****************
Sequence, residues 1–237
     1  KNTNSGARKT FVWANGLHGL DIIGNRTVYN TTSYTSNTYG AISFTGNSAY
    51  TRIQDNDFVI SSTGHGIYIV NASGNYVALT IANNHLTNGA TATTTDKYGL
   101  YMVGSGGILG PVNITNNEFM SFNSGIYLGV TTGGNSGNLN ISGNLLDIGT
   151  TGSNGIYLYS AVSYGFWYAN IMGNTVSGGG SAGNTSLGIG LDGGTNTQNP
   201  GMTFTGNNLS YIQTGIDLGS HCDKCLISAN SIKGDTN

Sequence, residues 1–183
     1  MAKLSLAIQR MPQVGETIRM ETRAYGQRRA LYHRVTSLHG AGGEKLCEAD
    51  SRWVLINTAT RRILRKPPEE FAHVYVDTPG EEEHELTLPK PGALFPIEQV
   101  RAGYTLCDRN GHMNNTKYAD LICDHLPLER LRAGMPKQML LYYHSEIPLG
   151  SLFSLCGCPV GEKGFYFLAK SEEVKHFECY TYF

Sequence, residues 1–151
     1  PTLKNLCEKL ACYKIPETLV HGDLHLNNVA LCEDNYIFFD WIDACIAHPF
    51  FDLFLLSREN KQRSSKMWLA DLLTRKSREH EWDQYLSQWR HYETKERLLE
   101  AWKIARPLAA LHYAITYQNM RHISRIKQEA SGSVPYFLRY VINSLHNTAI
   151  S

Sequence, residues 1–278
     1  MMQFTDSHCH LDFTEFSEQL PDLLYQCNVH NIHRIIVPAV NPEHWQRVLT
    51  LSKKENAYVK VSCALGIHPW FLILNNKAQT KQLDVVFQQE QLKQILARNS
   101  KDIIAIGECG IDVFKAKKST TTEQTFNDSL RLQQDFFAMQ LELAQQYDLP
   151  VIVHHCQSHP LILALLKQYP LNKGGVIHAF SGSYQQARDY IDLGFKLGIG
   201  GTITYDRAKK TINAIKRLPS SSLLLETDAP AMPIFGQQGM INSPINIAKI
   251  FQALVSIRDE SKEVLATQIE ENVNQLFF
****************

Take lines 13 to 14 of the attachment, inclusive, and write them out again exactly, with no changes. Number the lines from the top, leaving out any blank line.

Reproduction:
     1  PTLKNLCEKL ACYKIPETLV HGDLHLNNVA LCEDNYIFFD WIDACIAHPF
    51  FDLFLLSREN KQRSSKMWLA DLLTRKSREH EWDQYLSQWR HYETKERLLE